Saturday, December 14, 2013

A Recipe for Intellectual Dishonesty

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The label "intellectual dishonesty" is often bandied about, but is not so easy to define, or to differentiate from general dishonesty. It seems that the term should be used for cases when a person presents an intellectual argument that falls far short of the standards that the person himself should know to use. He may sincerely believe the argument that he is offering, and thus he is being honest; but he is intellectually dishonest in not applying the evaluation that he should know to apply.

For example, someone who insists that "expert opinion" maintains that the world is less than six thousand years old, and that there was no age of dinosaurs, is not necessarily intellectually dishonest. He may genuinely believe that to be the case, if his definition of "expert opinion" is consistent.

There are numerous examples of intellectual dishonesty in Rabbi Moshe Meiselman's book Torah, Chazal and Science. But one stands out in that it is an actual recipe for intellectual dishonesty.

It's very unfashionable in Orthodox Judaism to talk about anyone being infallible - after all, that reeks of idolatry. Staunch advocates of Daas Torah, for example, will insist that they do not believe that the Gedolim are infallible. However, they undermine this claim when they refuse to name any instance of the Gedolim ever being mistaken.

Rabbi Meiselman likewise insists that Chazal were not omniscient or infallible (p. 33). However, he undermines this claim in two ways. First is that he distinguishes between cases where Chazal make definitive statements and when they make tentative statements. In cases where they make firm statements, Rabbi Meiselman claims that is inconceivable that they would have done so unless they were certain that they were correct and that there was no possibility of their being in error. As he states: "A major thesis of this book is that if Chazal make a definitive statement, whether regarding halachah or realia, it means that they know it to be unassailable" (p. 107). His given reason for this is that "Whenever Chazal make unqualified statements it indicates that regarding those particular issues the information encoded in the Torah or the methodology for extracting it had not yet been lost. Therefore, their knowledge represents absolute truth, which overrides any manmade theory" (p. 32-33).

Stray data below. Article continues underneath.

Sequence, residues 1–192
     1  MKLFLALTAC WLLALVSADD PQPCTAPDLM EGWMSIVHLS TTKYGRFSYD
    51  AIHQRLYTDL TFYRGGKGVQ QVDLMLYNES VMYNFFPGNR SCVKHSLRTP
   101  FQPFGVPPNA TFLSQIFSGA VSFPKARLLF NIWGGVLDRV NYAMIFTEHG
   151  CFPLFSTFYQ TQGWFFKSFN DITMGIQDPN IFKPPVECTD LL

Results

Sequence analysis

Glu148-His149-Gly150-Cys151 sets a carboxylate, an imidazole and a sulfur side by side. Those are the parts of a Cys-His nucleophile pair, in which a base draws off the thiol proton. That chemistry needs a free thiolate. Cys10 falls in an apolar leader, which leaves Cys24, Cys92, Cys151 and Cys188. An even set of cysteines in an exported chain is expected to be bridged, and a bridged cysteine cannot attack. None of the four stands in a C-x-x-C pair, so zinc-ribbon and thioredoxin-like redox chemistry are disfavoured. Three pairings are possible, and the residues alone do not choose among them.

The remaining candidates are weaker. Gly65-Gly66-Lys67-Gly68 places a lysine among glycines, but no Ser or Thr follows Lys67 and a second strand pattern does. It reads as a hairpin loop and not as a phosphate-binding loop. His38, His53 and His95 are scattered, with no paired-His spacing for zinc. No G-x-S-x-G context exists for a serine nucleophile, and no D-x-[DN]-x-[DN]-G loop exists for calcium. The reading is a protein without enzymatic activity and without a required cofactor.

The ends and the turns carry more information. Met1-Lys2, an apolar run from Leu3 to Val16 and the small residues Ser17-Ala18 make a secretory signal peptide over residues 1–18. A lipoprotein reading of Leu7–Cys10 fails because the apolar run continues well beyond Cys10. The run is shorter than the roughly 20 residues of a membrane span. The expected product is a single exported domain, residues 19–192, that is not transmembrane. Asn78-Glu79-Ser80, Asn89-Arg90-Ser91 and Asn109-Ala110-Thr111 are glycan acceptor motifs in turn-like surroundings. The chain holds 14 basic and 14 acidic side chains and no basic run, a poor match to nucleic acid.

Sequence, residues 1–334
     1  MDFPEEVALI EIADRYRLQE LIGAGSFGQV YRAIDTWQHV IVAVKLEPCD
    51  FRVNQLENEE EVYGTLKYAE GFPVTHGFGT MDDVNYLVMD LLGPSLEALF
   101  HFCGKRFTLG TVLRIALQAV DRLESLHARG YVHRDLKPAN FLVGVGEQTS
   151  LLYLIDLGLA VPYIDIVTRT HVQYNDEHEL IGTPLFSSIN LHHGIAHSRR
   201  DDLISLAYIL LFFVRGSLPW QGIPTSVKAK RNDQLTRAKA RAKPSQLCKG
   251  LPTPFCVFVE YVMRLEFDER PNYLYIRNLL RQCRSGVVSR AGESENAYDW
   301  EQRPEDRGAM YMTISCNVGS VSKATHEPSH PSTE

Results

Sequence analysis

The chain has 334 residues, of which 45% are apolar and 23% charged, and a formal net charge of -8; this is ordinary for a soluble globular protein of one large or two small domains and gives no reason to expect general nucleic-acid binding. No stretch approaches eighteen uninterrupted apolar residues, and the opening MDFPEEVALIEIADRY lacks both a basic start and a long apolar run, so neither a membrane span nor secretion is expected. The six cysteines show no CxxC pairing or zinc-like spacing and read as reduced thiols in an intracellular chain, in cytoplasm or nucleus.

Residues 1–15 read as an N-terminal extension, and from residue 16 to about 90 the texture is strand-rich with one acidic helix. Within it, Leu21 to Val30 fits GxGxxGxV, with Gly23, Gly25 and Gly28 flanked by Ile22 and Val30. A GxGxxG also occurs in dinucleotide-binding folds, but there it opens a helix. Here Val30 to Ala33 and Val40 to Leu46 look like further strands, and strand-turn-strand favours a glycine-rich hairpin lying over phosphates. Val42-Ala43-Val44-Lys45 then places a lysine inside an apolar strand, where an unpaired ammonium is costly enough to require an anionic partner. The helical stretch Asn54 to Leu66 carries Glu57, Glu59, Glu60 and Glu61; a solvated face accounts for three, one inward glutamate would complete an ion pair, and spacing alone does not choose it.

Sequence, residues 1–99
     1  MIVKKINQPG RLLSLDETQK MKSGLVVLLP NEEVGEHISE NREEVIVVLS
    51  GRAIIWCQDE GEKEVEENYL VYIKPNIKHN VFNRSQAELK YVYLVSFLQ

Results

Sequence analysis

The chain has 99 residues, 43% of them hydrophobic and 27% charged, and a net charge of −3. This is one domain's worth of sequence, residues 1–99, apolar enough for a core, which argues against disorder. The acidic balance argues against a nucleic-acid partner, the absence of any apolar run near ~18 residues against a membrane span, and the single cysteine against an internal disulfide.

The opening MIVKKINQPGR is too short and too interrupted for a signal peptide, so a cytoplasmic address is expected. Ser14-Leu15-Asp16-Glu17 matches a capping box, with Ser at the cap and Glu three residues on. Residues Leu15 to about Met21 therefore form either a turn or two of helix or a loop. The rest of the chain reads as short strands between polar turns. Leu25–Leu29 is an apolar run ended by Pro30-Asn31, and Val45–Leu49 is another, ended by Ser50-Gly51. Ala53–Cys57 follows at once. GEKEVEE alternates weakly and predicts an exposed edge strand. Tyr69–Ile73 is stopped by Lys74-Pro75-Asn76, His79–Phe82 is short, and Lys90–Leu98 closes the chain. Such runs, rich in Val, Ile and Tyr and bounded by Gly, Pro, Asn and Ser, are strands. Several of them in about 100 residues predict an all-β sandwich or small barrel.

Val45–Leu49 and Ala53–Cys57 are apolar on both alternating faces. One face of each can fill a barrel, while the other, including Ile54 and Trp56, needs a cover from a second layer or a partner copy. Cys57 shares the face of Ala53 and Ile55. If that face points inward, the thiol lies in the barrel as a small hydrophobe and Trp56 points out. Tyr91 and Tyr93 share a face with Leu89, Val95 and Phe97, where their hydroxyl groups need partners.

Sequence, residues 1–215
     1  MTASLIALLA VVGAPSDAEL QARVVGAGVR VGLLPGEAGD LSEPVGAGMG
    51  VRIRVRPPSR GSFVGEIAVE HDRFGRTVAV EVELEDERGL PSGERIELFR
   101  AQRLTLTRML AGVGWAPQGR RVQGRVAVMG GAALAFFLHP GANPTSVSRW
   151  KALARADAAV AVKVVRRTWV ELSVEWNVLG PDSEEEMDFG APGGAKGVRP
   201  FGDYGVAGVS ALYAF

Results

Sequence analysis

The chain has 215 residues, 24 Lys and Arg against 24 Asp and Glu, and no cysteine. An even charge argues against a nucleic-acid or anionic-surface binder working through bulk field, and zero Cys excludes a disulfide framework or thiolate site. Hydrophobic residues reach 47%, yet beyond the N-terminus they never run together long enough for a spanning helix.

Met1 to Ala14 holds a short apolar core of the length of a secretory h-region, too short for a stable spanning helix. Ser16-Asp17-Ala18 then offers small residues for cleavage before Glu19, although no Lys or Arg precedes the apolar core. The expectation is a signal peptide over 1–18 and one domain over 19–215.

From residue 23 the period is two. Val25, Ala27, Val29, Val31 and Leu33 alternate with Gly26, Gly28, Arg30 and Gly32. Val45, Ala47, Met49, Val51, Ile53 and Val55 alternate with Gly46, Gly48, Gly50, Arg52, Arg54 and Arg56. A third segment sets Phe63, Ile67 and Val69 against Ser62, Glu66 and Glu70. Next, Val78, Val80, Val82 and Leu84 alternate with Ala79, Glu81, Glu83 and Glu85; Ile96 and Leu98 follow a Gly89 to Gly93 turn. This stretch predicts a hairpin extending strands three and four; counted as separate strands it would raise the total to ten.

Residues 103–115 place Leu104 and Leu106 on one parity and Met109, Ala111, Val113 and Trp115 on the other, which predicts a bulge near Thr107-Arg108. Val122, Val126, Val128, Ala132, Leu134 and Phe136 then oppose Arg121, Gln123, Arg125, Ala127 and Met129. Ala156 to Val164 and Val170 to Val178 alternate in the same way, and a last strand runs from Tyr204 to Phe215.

Now, there are a number of problems with this claim. Rabbi Meiselman claims that if Chazal make a definitive statement, it means that they know it to be unassailable. But how does he know this? If he is insisting that Chazal's unqualified statements are based on information extracted from Torah, then we can ask again, what on earth is the basis for this claim? Rav Hirsch and many others certainly didn't think so! Why couldn't Chazal have ever said something that was not from the Torah, and yet which they believed to be true? Is it really impossible for them to have gained knowledge from their intellect or from other sources, and to have considered it reliable?

And there are further problems here. Let's say that Chazal really did base a given statement on knowledge that they had extracted from the Torah. Why does this necessarily mean that it is correct? That could only be the case if one considers Chazal to be absolutely infallible in such matters. Such a topic is beyond the purview of this post, but suffice it to note that it is far from undisputed.

Furthermore, as noted, it is significant that we see that Rabbi Meiselman in fact considers Chazal infallible. For the most a person can do is to believe that something he says to be unassailable. You can never know that something you say is unassailable - unless you are infallible.

However, I want to concentrate on the theme of this post, which is intellectual dishonesty. We have here a twofold recipe for intellectual dishonesty. First is that engendered by Rabbi Meiselman considering definitive statements to be infallible, and only non-definitive statements to be potentially errant. The result of this is that when faced with a statement about the natural world in the Gemara that is obviously incorrect, he, and those who follow his approach, are forced to classify it as a non-definitive statement - no matter how unreasonable it is to do so. In other words, he has to argue that a certain claim (i.e. that a given statement of Chazal was only tentative) is definitely true, even if under other circumstance the evidence would not warrant such a claim. That is a recipe for intellectual dishonesty.

The second recipe for intellectual dishonesty comes when we have taken Rabbi Meiselman's step and relegated a statement to being tentative instead of definitive. Here, Rabbi Meiselman agrees that it can potentially be in error; however, he maintains that it is forbidden for us lowly denizens of the 21st century to actually point out such things:
"...Even when a tentative statement of Chazal is in error... the prerogative of declaring any of their teachings mistaken is granted to them, not to us. For anyone other than Chazal themselves, questioning their conclusions is called being melagleg al divrei Chachamim - "mocking of the words of the Sages" - a crime with very serious consequences." (p. 108)